Then I made the bed with the new mattress, and I found out it wasn’t precisely the size of the foam pad. Several inches off, in fact. This never would have happened on her watch. She would have measured everything three times before buying the mattress. But to tell the truth, the foam pad will have to be replaced sooner or later anyway. And when it is, I’ll order one to fit the new mattress. For now, I’m looking forward to my first night’s sleep on the bed, with its now ill-fitting foam pad.
Last night — which happened to be exactly a year after the surgery which revealed her fatal pancreatic tumor — I dreamt that I was with her as she experienced a sharp, nearly orgasmic pain. The pain was so bad that it brought her to her knees and drove her out of her head for a short time. Afterwards, reflecting on this incident, she told me “I was so out of it that I thought you were the cause of the pain. But anyway, it was great,” she concluded with a smile. It’s not true that she ever relished pain; she hated pain. But she did like very intense experiences, and maybe that’s what my unconscious was recalling.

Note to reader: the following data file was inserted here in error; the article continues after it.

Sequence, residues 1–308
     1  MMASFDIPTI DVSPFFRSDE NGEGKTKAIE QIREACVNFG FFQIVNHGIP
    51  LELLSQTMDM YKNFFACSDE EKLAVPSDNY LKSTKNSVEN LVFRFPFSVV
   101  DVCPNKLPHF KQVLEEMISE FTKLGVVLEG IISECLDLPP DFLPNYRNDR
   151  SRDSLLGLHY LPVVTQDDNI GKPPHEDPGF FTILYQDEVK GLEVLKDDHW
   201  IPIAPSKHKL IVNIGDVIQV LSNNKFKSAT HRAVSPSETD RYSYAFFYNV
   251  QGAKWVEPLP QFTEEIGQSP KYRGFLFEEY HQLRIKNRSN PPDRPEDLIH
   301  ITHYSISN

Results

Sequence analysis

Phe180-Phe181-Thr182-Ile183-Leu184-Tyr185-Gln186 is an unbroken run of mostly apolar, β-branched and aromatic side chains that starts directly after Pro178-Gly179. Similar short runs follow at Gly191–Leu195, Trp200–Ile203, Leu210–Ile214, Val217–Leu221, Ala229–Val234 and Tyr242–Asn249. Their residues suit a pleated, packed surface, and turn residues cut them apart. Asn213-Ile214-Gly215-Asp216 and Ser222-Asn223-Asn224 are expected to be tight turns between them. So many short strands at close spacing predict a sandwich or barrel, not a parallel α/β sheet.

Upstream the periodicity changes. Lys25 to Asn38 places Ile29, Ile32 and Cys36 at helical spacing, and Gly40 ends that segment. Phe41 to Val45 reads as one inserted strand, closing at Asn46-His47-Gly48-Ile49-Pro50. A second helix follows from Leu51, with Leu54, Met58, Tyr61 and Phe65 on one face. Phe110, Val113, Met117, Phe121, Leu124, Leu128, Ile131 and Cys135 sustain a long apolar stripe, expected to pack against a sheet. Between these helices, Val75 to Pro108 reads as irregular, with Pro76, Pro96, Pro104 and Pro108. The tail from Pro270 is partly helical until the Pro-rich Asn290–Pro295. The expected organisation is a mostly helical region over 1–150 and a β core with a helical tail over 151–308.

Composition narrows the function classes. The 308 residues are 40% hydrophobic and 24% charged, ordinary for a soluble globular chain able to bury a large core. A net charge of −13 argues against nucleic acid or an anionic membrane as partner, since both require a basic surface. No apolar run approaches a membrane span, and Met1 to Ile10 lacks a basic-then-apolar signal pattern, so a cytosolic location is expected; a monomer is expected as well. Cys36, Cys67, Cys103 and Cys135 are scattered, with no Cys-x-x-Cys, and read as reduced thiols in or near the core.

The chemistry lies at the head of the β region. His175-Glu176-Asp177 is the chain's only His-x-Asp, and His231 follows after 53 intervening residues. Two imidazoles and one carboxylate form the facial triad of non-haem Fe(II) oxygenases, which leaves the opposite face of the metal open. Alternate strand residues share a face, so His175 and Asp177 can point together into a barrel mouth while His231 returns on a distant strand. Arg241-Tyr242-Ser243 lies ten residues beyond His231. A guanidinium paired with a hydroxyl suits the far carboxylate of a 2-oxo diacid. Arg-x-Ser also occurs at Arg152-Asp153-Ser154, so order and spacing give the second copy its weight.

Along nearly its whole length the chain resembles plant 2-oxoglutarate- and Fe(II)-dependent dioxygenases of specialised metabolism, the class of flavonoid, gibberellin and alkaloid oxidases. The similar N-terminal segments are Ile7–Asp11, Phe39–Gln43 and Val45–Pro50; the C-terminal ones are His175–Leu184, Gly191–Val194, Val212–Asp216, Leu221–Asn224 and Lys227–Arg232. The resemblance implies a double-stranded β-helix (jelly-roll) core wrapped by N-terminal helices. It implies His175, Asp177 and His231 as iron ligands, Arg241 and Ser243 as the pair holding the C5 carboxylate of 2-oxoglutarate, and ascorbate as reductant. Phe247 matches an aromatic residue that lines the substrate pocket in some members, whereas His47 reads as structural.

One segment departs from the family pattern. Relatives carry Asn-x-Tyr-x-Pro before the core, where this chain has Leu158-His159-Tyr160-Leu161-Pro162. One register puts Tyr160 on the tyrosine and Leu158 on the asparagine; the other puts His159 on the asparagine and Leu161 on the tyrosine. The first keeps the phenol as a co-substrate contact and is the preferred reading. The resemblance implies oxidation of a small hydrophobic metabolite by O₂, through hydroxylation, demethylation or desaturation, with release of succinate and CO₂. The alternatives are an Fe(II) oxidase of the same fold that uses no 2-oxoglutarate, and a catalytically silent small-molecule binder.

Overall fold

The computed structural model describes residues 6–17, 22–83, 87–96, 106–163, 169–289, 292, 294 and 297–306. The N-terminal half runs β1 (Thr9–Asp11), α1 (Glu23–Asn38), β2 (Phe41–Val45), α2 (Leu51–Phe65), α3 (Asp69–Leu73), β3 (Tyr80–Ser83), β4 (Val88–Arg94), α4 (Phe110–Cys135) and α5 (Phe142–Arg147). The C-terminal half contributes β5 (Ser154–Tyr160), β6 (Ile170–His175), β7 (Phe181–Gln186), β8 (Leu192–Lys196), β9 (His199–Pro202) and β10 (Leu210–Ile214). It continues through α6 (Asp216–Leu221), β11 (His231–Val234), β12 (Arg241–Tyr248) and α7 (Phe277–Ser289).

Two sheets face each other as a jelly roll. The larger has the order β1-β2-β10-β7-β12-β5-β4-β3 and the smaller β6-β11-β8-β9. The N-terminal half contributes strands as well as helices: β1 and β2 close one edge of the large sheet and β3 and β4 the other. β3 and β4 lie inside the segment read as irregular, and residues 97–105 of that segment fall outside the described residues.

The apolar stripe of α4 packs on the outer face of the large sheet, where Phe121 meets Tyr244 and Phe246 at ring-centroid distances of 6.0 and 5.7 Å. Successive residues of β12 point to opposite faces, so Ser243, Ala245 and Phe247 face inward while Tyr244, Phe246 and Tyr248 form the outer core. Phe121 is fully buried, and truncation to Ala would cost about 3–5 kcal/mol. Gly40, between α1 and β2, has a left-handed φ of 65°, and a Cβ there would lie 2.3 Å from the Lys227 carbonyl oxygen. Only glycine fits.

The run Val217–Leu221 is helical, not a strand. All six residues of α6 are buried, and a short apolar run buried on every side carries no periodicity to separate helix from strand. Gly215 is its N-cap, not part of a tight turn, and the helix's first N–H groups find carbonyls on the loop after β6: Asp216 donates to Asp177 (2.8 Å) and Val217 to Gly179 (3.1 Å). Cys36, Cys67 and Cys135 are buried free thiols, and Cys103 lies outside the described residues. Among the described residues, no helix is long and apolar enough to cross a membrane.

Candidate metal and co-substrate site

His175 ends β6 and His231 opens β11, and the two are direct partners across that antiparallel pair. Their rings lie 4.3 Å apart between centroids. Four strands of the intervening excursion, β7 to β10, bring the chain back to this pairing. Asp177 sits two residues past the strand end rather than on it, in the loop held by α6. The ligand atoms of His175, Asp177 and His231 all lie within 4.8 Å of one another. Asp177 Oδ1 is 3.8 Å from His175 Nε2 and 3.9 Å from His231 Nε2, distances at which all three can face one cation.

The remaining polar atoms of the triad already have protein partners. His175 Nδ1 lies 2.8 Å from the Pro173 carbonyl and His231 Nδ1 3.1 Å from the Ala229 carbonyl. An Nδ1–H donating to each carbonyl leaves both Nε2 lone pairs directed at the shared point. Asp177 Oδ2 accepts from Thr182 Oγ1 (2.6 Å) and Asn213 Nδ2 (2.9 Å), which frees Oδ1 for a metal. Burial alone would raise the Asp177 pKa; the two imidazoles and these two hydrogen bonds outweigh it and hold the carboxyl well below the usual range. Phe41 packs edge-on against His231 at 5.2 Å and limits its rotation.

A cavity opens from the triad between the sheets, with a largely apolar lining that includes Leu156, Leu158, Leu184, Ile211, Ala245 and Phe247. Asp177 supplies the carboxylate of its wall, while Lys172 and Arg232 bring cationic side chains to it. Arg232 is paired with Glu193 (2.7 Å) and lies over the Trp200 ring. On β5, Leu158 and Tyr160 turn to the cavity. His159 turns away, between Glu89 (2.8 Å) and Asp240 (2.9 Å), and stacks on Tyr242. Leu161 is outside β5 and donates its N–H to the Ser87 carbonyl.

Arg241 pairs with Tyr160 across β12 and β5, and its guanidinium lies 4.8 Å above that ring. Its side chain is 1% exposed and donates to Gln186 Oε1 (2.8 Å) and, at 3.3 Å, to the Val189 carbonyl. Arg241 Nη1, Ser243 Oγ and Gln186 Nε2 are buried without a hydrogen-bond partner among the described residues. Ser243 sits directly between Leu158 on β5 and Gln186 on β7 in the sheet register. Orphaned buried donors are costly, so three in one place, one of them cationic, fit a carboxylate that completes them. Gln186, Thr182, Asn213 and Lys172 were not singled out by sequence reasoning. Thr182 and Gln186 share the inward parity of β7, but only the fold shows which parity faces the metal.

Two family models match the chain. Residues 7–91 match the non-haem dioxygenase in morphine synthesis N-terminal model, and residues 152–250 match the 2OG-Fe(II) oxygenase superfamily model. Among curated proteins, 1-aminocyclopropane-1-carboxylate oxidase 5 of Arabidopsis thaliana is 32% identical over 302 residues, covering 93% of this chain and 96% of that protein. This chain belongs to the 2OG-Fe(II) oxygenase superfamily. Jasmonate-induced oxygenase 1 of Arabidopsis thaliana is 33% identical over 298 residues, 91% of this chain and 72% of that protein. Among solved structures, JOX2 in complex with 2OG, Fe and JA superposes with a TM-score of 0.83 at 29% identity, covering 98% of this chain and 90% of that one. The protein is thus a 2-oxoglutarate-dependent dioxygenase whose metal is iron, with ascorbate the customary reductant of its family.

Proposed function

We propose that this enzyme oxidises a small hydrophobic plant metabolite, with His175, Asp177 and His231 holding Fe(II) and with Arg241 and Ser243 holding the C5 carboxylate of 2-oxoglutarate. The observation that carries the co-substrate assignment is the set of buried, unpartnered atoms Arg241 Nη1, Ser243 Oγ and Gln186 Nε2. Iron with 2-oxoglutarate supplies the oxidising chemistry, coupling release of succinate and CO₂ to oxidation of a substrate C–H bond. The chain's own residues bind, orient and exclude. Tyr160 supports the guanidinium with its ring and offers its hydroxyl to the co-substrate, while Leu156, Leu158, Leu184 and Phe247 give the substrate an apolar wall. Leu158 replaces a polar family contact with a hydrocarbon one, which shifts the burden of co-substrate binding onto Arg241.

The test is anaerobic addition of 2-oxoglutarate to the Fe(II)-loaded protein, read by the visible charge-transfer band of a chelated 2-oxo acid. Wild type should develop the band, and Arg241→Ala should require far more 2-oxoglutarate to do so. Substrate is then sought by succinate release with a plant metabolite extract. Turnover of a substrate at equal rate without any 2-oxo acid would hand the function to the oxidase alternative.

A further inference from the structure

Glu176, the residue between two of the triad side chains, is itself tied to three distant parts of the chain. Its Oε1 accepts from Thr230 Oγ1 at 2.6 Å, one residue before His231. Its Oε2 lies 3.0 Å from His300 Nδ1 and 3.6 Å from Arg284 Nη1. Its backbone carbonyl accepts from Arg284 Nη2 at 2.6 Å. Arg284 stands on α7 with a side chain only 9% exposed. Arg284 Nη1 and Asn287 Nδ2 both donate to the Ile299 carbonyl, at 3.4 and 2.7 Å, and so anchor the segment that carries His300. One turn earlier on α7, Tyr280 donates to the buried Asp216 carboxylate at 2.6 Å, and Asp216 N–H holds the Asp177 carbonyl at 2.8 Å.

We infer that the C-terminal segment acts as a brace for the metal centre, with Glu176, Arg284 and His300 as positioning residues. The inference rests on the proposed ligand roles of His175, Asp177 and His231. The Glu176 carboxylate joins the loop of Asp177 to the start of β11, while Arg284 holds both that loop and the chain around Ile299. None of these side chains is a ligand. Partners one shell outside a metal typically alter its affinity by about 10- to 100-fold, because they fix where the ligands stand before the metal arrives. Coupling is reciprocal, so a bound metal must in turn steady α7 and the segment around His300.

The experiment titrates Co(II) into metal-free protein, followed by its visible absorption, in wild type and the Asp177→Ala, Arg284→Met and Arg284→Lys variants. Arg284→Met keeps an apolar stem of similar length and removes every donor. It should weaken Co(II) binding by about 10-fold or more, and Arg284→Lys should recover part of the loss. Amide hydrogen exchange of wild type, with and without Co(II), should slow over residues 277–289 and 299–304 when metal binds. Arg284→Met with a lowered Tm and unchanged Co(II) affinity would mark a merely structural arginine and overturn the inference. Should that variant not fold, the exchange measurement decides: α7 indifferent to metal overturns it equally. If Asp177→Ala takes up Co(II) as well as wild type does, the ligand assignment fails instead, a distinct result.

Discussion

Ten years ago I wrote my first novel, Make Nice. A very short excerpt from that book, which is about a fictionalized version of the Rat Packer Joey Bishop, was published by an Australian online magazine, Vending Machine Press, in their second issue.
My short satire of Garrison Keillor, “Woebegone” — which makes just as good a little piece of writing as it did a performance monologue, for which I originally wrote it, was published in the first issue of Crony, a “terrible online magazine” by the author and editor Antoine Wilson.
This is the first thing I’ve ever had published after reading a call for submissions that was released only on Twitter. That is to say, Wilson called for material on Twitter only.
Submit now before I give up on this idea and go back to whatever I was doing before: firstname.lastname@example.org
— Antoine Wilson (@antoinewilson) November 9, 2013